Jørn Andersen

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Jørn Andersen
SVA00 - Jørn Andersen 6422a.jpg
Andersen as Austria Salzburg manager during an Austrian Football First League match against Wiener Neustadt in October 2015
Personal information
Date of birth (1963-02-03) 3 February 1963 (age 54)
Place of birth Fredrikstad, Norway
Playing position Striker
Club information
Current team
North Korea (manager)
Youth career
1975–1982 Østsiden IL
Senior career*
Years Team Apps (Gls)
1982–1984 Fredrikstad FK 64 (25)
1985 Vålerenga IF 22 (23)
1985–1988 1. FC Nürnberg 78 (28)
1988–1990 Eintracht Frankfurt 54 (20)
1990–1991 Fortuna Düsseldorf 42 (5)
1991–1994 Eintracht Frankfurt 44 (13)
1994–1995 Hamburger SV 18 (1)
1995 Dynamo Dresden 7 (0)
1995–1997 FC Zürich 53 (2)
1997–1999 FC Lugano 43 (2)
1999–2001 FC Locarno 29 (0)
Total 454 (119)
National team
1985–1990 Norway 27 (5)
Teams managed
2001–2003 FC Luzern U21
2003–2004 Rot-Weiß Oberhausen
2005–2006 Borussia Mönchengladbach (assistant)
2007 Skoda Xanthi
2007–2008 Kickers Offenbach
2008–2009 Mainz 05
2010–2011 Larissa
2011–2012 Karlsruher SC
2015 Austria Salzburg
2016– North Korea
* Senior club appearances and goals counted for the domestic league only.

Jørn Andersen (born 3 February 1963), sometimes written as Jörn, is a Norwegian football manager and former player. He is the current manager of North Korea's national football team.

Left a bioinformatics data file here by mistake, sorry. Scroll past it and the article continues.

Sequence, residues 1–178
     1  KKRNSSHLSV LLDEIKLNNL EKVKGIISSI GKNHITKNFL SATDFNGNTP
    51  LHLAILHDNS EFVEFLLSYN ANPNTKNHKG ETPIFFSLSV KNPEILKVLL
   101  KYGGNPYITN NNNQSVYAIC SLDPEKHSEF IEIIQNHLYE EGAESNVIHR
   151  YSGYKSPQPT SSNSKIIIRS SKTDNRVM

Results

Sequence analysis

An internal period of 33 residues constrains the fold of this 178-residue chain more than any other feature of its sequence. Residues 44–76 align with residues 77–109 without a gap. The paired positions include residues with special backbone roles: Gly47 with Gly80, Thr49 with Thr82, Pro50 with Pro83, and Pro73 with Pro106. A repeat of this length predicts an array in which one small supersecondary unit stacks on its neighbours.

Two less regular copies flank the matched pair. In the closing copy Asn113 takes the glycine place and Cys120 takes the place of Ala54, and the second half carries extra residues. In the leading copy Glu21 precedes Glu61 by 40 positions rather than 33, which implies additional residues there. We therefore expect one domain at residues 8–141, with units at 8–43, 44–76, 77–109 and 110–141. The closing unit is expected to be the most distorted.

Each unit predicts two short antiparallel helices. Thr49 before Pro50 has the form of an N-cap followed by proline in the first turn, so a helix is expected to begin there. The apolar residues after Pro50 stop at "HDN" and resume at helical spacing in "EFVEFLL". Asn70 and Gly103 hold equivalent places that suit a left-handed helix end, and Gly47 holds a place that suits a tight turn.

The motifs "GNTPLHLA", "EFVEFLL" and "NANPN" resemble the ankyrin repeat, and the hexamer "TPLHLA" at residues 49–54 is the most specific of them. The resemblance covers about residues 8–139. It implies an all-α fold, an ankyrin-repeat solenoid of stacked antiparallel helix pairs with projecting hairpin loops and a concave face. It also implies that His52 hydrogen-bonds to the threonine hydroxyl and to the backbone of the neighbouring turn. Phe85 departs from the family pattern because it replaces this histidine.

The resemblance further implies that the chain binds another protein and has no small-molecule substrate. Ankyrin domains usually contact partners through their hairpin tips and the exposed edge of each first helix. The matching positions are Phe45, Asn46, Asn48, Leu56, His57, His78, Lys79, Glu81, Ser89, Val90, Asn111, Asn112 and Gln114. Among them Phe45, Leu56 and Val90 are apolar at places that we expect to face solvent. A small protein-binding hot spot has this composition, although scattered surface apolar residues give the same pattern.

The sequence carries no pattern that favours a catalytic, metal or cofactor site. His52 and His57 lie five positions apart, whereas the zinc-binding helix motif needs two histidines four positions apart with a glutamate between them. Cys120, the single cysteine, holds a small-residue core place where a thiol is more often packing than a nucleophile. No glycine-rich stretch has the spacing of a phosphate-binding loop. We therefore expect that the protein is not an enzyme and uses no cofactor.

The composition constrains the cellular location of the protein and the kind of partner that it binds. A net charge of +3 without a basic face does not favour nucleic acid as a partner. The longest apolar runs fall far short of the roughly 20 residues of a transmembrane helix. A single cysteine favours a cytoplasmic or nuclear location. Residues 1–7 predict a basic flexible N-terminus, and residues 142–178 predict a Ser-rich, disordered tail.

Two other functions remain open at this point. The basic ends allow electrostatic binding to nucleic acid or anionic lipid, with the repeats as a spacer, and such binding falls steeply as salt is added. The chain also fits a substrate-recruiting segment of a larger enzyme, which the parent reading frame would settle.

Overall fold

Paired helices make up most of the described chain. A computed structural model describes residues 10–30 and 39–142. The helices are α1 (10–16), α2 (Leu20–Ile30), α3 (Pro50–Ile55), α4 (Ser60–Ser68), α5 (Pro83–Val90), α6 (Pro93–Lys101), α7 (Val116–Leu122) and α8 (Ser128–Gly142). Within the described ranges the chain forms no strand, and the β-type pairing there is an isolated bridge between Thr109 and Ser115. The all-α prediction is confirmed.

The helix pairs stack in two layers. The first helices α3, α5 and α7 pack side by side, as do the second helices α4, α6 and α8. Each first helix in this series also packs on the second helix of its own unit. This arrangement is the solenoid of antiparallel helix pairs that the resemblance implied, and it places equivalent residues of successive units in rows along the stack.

Club career[edit]

Norway[edit]

Born in Fredrikstad, Jørn Andersen's career started at local team Østsiden where he remained until 1982. Subsequently, he moved to Fredrikstad and netted seven goals in 43 Norwegian Premier League appearances. The striker was transferred to Vålerenga ahead of the 1985 season. Andersen was able to score 23 goals in just 22 matches for the Oslo side.

Germany[edit]

In 1985, 1. FC Nürnberg signed the Norwegian. In 78 matches Andersen scored 28 goals before he moved to Eintracht Frankfurt. In 1990 Andersen became the first foreign player to be top goalscorer in a season with 18 goals in the Bundesliga.[1] In 1990–91 Andersen played for Fortuna Düsseldorf and returned to the Frankfurt side. After that spell he joined Hamburger SV (1994–95) and Dynamo Dresden to play in the Bundesliga.[2]

Switzerland[edit]

From Dresden, Andersen headed to Switzerland and FC Zürich in 1995, but was not successful as he scored only twice in 33 appearances. After the 1997–98 season he left FC Lugano to join FC Locarno.

International career[edit]

He made his debut for Norway in 1985 and earned 27 caps, scoring five goals.[3] His last international match was a European Championship qualifying match against Hungary in October 1990, coming on as a substitute for Jahn Ivar Jakobsen.

Managing career[edit]

Andersen became youth manager of FC Luzern and returned to Germany again to manage the then-second tier team Rot-Weiß Oberhausen from 2003 until 2004. After that spell he assisted Horst Köppel at Borussia Mönchengladbach.

In May 2007, he signed to Greek top-flight team Skoda Xanthi to manage them from 2007–08 on, but in June 2007 the contract was dissolved for private reasons.

Andersen as Karlsruher SC manager during a press conference in December 2011

In late 2007, he signed for 2. Bundesliga strugglers Kickers Offenbach, but was unable to save them from relegation.